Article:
Bukit Panjang LRT an essential service that deserves upgrades
As a Bukit Panjang resident of 26 years, I have relied heavily on the Bukit Panjang Light Rail Transit (BPLRT) network since it was built in 1999. I welcome Transport Minister Khaw Boon Wan’s suggestion to provide replacement buses while suspending BPLRT services during off-peak hours.
I refer to the report, “SMRT studying option to suspend Bukit Panjang LRT during off-peak hours: Khaw” (Aug 30).
As a Bukit Panjang resident of 26 years, I have relied heavily on the Bukit Panjang Light Rail Transit (BPLRT) network since it was built in 1999.
I welcome Transport Minister Khaw Boon Wan’s suggestion to provide replacement buses while suspending BPLRT services during off-peak hours. This allows commuters to simply board buses at BPLRT stations — far more comfortable than making the ascent to the LRT platforms.
Today, commuters reach the LRT platforms either through climbing long flights of stairs, or taking a slow, warm and unpleasant lift. This applies to all BPLRT stations except Chua Chu Kang and Bukit Panjang.
Imagine if an MRT station had only stairs and a single, old lift.
Where possible, escalators can be built to replace sections of staircases, just as new escalators are being constructed for the Sengkang LRT Station.
The BPLRT network is an absolutely essential service, despite the report’s portrayal of it as being highly irrelevant.
The report quoted a Bukit Panjang resident, who chose buses over the BPLRT while commuting to Bukit Panjang MRT Station. She found buses superior in terms of travel time.
This is only true from a few departure points. From most places along the BPLRT network, the BPLRT is by far the quickest way to Chua Chu Kang or Bukit Panjang.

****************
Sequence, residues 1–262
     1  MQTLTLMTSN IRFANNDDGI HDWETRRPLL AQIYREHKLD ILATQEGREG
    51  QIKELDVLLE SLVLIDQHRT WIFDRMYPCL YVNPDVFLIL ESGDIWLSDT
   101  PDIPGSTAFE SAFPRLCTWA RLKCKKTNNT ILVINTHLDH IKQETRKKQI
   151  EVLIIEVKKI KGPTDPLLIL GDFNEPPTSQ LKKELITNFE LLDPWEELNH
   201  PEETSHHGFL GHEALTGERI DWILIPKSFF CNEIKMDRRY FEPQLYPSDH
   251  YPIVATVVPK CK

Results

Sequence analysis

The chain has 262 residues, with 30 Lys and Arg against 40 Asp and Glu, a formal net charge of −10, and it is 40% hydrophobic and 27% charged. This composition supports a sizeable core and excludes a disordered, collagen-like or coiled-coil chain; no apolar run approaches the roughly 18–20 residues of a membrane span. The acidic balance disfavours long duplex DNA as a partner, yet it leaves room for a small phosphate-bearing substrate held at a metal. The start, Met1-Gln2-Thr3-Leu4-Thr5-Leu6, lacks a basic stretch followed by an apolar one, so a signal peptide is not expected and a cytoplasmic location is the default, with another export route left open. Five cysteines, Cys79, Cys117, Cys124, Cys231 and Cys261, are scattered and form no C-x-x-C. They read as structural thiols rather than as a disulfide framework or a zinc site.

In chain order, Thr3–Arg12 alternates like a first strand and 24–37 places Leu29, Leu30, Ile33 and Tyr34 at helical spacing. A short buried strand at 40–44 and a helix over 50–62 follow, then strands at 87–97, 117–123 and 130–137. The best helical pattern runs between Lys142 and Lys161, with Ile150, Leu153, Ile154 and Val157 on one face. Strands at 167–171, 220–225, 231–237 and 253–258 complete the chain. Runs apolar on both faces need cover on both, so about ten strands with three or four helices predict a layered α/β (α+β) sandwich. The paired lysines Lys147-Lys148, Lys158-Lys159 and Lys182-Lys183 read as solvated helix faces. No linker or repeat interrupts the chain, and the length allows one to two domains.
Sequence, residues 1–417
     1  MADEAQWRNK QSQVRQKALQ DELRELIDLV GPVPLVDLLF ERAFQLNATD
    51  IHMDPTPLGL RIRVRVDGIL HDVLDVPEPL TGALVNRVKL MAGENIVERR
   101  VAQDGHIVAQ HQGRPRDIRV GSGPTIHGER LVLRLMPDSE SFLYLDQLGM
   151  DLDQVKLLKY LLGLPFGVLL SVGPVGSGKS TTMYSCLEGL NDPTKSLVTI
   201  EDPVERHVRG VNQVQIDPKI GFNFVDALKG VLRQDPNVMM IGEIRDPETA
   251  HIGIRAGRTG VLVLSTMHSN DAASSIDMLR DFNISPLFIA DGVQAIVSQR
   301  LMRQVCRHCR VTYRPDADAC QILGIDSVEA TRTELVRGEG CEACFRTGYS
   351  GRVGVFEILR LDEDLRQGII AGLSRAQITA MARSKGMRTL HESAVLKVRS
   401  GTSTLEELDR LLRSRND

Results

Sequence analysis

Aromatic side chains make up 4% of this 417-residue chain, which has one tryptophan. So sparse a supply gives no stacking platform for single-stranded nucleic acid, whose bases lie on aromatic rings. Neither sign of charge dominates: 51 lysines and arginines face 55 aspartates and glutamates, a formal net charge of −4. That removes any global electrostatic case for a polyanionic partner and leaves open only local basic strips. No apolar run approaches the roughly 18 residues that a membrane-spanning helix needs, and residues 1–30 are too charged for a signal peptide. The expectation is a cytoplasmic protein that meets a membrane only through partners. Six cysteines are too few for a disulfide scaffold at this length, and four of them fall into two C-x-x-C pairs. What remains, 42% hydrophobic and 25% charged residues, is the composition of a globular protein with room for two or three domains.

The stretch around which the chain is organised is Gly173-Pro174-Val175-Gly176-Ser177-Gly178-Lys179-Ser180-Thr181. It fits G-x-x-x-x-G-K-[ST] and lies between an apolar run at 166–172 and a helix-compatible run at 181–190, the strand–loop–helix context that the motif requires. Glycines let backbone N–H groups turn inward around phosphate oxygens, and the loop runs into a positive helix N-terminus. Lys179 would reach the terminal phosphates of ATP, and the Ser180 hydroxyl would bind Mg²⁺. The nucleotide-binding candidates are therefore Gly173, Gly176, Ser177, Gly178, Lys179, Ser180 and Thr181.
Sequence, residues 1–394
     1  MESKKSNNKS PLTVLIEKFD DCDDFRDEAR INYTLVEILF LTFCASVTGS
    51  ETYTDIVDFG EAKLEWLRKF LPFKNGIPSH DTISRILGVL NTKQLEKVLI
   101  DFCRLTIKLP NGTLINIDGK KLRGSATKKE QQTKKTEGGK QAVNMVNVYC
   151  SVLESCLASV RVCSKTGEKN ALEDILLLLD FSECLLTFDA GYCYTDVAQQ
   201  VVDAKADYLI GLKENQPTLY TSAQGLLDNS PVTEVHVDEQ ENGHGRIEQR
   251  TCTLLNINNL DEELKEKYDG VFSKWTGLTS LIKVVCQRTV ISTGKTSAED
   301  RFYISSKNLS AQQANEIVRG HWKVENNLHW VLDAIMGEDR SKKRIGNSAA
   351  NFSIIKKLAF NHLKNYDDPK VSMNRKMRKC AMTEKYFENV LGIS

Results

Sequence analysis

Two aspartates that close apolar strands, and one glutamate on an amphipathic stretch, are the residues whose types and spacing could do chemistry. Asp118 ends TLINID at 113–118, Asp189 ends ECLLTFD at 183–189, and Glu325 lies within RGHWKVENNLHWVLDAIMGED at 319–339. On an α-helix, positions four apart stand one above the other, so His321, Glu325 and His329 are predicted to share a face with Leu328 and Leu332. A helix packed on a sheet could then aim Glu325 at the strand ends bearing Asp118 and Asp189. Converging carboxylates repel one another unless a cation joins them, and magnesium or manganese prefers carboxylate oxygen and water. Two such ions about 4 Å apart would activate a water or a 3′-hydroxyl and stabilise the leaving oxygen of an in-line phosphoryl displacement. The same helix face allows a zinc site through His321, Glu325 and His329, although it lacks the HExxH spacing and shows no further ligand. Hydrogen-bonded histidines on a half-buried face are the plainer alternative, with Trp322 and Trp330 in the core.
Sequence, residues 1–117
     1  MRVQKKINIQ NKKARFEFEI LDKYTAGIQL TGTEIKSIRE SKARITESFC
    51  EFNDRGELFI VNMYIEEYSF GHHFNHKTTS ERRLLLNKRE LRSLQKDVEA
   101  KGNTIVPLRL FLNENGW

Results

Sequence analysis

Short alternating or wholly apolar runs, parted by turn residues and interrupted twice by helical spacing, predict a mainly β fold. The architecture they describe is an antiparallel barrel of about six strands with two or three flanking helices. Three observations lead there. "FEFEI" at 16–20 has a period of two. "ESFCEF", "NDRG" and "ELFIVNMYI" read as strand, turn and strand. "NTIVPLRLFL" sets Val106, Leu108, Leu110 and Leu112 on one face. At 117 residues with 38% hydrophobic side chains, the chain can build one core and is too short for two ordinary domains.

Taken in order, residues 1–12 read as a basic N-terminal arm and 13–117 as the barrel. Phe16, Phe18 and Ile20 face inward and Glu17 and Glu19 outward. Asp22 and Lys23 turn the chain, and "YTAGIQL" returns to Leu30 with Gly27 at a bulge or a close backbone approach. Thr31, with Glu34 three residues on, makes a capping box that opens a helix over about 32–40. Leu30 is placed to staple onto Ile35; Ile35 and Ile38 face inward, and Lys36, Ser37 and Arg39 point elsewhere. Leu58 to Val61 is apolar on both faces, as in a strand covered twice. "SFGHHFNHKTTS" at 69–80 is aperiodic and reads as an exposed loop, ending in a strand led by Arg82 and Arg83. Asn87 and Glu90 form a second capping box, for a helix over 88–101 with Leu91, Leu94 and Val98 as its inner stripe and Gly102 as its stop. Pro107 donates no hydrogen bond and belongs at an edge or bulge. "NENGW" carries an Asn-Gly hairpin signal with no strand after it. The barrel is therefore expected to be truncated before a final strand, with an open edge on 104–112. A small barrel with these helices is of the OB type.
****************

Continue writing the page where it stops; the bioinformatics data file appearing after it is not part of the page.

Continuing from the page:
From Bangkit LRT Station, for example, the BPLRT takes three minutes to reach Bukit Panjang LRT Station. Taking the bus requires 11 minutes of walking plus five minutes of commuting. During peak hours, the bus takes even longer because of traffic jams.
LRT breakdowns are highly infrequent. The report’s conclusion quoting the resident saying that “sometimes, it may even be faster to go on foot instead” is true only from very few departure points.
If the BPLRT is as irrelevant as the report suggests, why is daily demand for it so heavy, and why is the Government investing in renewing it?
Such comments may mislead non-BPLRT users into thinking that it was a mistake to build it. It was not, although its routes could have included fewer sharp turns.
Non-BPLRT users may also be misled into supporting romantic but unfeasible suggestions, such as discontinuing the BPLRT and converting its tracks into a “sky bridge” for pedestrians.
To ensure the longevity of the BPLRT service until after most of the upgrading works are completed in 2022, offering replacement buses during off-peak hours is the best solution.
The alternative would be increased risks of LRT breakdowns.
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